Fig. 4.
Axonal transport of GSK-3β in DRG neurons. (A) Distribution of GSK-3β in P3 DRG neurons from Lis1+/+ (WT), untreated Lis1+/−, and SNJ1945-treated Lis1+/− mice. Red arrowheads indicate growth cones of DRG neurons. Quantitation ...

To determine whether this GSK-3β accumulation occurs via LIS1 effects on axonal transport, we conducted live cell imaging of P3 DRG neurons expressing td-Tomato-tagged GSK-3β. The fusion protein exhibited robust bidirectional movement, suggesting that the subcellular distribution of GSK-3β relies on the activity of motor proteins, including kinesin and dynein. While there was no significant difference in the speed of retrograde GSK-3β movement between Lis1+/− and Lis1+/+ axons (Fig. 4C,D,F; Movie 1), the ratio of retrograde to anterograde movement was significantly lower in DRG neurons from Lis1+/− mice (Fig. 4C-E; Movie 1). This decreased frequency of retrograde movement in Lis1+/− DRG neurons was rescued by the addition of SNJ1945 (Fig. 4C-E; Movie 1). We conclude that LIS1 expression is essential for the retrograde transport of GSK-3β and prevention of distal accumulation in growth cones.

Phosphorylation of GSK-3β at Ser9 renders it inactive (Dudek et al., 1997), whereas phosphorylation at Tyr216, which lies within the activation loop between subdomains VII and VIII of the catalytic domain, is necessary for functional activity (Hughes et al., 1993). A constitutively active GSK-3β mutant inhibited axon formation, whereas multiple axons formed from a single neuron when GSK-3β activity was reduced by small molecule inhibitors, a peptide inhibitor, or siRNAs (Jiang et al., 2005). To estimate the level of GSK-3β activity at the tip of the DRG neurons, we double-labeled DRG neurons from Lis1+/− and Lis1+/+ mice with an antibody against total GSK-3β and another against either (inactive) GSK-3β phosphorylated at Ser9 (pS9-GSK-3β) (Fig. 5) or active GSK-3β phosphorylated at Tyr 216 (pY216-GSK-3β) (Fig. 6) and determined the inactive/total and active/total GSK-3β ratios. The pS9-GSK-3β/GSK-3β ratio in the growth cones of P3 DRG neurons from Lis1+/− mice was significantly lower than in growth cones of P3 Lis1+/+ mice (Fig. 5A,B,D). Conversely, the pY216-GSK-3β/GSK-3β ratio in the growth cones of P3 DRG neurons from Lis1+/− mice was significantly higher than in growth cones of P3 Lis1+/+ mice (Fig. 6A,B,D). Further, this aberrant accumulation of GSK-3β in Lis1+/− mice was rescued by SNJ1945 (Fig. 5C,D and Fig. 6C,D). Collectively, we conclude that GSK-3β is overactivated in the growth cones of P3 DRG neurons from Lis1+/− mice, which will suppress axonal extension.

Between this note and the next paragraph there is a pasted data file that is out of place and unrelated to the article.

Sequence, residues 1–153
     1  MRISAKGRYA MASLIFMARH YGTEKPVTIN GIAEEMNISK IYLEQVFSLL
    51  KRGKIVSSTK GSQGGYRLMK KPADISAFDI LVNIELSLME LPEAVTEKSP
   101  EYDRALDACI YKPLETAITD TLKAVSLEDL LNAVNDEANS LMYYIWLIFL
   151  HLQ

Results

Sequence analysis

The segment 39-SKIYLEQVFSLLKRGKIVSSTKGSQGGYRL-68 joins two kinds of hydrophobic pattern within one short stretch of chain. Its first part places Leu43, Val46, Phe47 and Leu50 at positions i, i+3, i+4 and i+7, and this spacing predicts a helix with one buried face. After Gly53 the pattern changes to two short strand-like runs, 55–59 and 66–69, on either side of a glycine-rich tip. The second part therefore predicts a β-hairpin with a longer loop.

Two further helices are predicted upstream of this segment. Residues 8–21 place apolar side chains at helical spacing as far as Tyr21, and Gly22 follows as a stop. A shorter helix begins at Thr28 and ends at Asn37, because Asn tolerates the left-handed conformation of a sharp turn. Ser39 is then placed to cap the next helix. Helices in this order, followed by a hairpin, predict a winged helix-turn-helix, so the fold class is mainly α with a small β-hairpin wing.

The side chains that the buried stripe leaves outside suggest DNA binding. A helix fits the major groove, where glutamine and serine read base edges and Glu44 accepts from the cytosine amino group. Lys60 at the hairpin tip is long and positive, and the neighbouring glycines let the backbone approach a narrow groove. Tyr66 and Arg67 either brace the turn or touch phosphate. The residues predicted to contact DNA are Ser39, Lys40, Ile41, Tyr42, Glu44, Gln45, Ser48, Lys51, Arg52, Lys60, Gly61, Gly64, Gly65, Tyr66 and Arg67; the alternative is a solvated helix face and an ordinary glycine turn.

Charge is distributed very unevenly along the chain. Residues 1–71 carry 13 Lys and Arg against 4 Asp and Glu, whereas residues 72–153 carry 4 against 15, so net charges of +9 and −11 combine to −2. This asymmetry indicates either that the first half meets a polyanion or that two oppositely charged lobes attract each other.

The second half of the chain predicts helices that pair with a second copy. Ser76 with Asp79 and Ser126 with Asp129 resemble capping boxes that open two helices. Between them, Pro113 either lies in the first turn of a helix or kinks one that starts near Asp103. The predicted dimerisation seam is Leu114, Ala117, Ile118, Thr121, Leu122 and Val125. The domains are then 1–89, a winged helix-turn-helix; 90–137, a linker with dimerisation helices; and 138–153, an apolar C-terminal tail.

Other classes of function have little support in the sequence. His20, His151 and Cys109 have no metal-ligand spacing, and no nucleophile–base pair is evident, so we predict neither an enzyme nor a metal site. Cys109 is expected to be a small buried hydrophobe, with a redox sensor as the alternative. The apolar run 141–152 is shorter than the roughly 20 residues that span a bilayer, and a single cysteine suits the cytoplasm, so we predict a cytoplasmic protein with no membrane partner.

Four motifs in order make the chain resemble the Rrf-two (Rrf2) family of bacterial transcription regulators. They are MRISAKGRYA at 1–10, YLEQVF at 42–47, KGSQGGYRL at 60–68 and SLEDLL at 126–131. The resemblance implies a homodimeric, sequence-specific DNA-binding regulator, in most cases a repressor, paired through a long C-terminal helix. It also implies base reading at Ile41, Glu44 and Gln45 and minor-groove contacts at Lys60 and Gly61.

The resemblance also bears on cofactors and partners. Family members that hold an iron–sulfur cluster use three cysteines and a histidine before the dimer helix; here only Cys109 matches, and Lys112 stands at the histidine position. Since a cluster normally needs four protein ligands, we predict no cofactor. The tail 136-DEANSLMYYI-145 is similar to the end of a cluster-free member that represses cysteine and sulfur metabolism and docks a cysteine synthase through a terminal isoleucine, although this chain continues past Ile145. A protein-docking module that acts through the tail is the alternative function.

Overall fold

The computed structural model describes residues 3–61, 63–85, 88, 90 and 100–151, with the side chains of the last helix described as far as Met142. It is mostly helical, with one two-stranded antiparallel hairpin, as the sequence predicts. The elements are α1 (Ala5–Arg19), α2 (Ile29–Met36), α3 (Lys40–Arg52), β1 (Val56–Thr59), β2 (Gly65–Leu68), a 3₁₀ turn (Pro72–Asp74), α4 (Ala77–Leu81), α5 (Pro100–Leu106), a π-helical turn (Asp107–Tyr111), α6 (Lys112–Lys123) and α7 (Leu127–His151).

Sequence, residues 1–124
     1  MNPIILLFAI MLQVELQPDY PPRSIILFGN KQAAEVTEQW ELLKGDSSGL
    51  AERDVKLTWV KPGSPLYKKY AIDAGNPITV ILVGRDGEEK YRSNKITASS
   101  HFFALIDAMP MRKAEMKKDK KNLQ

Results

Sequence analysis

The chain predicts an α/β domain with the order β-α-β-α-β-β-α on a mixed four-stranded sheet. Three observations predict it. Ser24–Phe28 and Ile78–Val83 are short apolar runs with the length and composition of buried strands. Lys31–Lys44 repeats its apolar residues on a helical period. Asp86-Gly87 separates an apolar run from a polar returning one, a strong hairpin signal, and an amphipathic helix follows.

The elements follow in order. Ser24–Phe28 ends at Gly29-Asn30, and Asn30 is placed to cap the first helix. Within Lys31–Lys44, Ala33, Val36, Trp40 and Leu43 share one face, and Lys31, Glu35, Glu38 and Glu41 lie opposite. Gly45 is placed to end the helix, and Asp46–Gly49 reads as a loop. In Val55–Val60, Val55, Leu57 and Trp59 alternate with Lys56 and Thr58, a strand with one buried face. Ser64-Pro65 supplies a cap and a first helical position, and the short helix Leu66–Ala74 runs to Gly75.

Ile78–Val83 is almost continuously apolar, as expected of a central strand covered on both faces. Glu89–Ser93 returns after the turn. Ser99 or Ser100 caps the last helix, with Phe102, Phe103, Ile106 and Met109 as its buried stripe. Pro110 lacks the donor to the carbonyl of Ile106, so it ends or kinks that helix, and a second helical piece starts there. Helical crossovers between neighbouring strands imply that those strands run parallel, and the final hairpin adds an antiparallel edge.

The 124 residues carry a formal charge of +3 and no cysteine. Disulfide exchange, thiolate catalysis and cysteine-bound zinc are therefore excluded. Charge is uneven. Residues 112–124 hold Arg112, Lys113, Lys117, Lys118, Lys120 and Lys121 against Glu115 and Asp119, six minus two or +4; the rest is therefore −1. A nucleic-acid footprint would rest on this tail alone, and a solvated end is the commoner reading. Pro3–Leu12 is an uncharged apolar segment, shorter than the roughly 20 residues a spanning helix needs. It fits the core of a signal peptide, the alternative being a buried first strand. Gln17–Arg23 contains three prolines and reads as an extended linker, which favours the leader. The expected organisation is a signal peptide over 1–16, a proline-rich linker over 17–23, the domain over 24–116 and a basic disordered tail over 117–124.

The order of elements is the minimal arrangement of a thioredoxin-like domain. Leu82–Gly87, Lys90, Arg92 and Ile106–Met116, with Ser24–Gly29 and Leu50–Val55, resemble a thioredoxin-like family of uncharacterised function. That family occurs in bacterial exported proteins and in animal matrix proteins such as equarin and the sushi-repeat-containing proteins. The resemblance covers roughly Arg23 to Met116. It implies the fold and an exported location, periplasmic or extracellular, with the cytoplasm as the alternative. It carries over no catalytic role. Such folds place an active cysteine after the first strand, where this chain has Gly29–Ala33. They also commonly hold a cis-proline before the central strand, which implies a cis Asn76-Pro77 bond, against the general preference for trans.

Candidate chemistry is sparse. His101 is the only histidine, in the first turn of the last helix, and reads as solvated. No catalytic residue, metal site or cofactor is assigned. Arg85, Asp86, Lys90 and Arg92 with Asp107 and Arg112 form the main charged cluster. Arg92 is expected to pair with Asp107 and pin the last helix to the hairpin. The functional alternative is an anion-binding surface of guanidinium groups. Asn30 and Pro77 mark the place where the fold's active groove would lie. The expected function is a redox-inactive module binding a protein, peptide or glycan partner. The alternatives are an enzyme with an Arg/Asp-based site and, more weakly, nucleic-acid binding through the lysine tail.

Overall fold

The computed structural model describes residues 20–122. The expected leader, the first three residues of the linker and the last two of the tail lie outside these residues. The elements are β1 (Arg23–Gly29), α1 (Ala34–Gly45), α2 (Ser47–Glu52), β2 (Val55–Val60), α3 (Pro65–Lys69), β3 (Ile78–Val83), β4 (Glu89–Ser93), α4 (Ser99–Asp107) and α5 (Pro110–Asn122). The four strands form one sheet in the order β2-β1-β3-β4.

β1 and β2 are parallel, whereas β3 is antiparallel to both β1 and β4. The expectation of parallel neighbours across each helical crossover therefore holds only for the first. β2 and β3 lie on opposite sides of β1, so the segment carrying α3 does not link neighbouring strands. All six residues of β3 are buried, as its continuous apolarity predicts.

Fig. 5.
Distribution of phospho-GSK-3β (Ser9) in DRG neurons. (A-C) Left panels: DRG neurons from (A) Lis1+/+ mice, (B) Lis1+/− mice, and (C) SNJ1945-treated Lis1+/− mice stained with anti-GSK-3β (red), anti-pS9-GSK-3β ...
Fig. 6.
Distribution of phospho-GSK-3β (Tyr216) in DRG neurons. (A-C) Left panels: DRG neurons from (A) Lis1+/+ mice, (B) Lis1+/− mice, and (C) SNJ1945-treated Lis1+/− mice stained with anti-GSK-3β (red), anti-pY216-GSK-3β ...

Facilitation of axonal regeneration by SNJ1945 after sciatic nerve injury

We previously reported that a calpain inhibitor upregulates LIS1 (Yamada et al., 2009) and facilitates neuronal circuit formation (Toba et al., 2013). To investigate whether endogenous LIS1 augmentation using SNJ1945 facilitates axonal regeneration after injury, we subjected mice to sciatic nerve (SN) axotomy, a common model of peripheral nerve injury in rodents (Magill et al., 2007), and compared regrowth and functional recovery between SNJ1945-treated and untreated groups. The left SN was transected at the obturator tendon level in 4-week-old WT mice, and the extent of injury and subsequent regeneration were evaluated by light and electron microscopy. Following nerve injury, Toluidine Blue staining of nerve cross sections revealed changes in the distal nerve stump characteristic of Wallerian degeneration, such as massive axonal swelling. Treatment with SNJ1945 had no obvious effect on SN regeneration at one week (Fig. 7A; Fig. S3A), but treated mice exhibited significantly more numerous myelinated SN fibers at one month (Fig. 7B) and numerically greater numbers at three months (Fig. 7C) and six months (Fig. 7D) after transection (results summarized in Fig. 7E). Transected SNs from control mice exhibited only partial regeneration with hypomyelination compared to SNJ1945-treated mice at the same times after injury. This suggests that SNJ1945-induced enhancement of axonal L1S1 accelerates regeneration of the injured sciatic nerve (Fig. 7B-E).

Fig. 7.
Facilitation of sciatic nerve regeneration by SNJ1945. Transection model of mouse SN injury. Imaging modality, orientation, and magnification are as follows: panel 1, low-magnification Prussian Blue staining; panel 2, high-magnification Prussian Blue ...